Smoking and Tobacco

  • Published
  • By Tech. Sgt. Ceasar Colorina
  • 374th Medical Group
  According to the U.S. Department of Health and Human Services, more than 20 million Americans have died due to smoking related issues since the first Surgeon General's Report on Smoking and Health was issued in January 1964.  Most of those deaths were adults who smoked, but 2.5 million were nonsmokers who died from secondhand smoke.

For all military and civilian Air Force personnel, AFI 40-102, Tobacco Use in The Air Force, depicts the adverse impact of tobacco use on health, mission readiness and unit performance.  The goal is a tobacco-free Air Force.  Tobacco use is the leading cause of preventable death in the U.S. and its use degrades the state of military readiness and the health of military personnel.

In addition to bad breath, other possible oral health impacts of smoking and all tobacco products include:

 stained teeth and tongue
 dulled sense of taste and smell
 slow healing after a tooth extraction or other surgery
 difficulties in correcting cosmetic dental problems
 gum disease
 oral cancer

Quitting is the only way to decrease your risk of these and other tobacco-related health problems. The addictive quality of nicotine, which is found in cigarettes, cigars and chewing tobacco, can make this especially difficult.  That's why it's important to have a plan and a support network to help you stick to your plan.  Writing down your reasons for quitting, exercising, chewing gum and keeping yourself occupied can help you quit.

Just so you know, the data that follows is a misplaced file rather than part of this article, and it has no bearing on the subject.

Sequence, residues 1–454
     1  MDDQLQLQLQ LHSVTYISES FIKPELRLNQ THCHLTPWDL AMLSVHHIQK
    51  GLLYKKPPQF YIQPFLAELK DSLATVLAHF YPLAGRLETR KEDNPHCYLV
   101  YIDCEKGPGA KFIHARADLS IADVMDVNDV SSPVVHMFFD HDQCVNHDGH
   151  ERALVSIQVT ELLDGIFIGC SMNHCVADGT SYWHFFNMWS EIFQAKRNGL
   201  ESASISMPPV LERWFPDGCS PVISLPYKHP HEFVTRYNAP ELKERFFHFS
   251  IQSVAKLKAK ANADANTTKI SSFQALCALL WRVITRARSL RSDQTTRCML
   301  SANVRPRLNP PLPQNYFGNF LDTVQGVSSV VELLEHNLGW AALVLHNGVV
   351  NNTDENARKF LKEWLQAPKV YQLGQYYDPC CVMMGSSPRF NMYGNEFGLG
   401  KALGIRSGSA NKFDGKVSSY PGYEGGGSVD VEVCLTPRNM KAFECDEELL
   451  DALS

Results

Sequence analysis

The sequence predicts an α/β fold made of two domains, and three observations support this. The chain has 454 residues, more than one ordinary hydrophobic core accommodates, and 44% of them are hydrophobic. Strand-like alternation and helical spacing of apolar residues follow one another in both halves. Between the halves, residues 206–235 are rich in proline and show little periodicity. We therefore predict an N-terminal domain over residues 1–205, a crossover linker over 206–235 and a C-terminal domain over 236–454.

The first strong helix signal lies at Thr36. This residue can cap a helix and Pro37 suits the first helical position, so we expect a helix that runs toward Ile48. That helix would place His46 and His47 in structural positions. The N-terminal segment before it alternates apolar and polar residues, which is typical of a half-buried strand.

Talk to your dentist or doctor to learn more about plans available to help you stop using tobacco.  The Medical Group's Health Promotion Program Flight also offers tobacco prevention and cessation programs. For those interested in the tobacco cessation course, contact the 374th Aerospace Medicine Squadron health promotion flight at 225-8322.

A helpful website when quitting tobacco is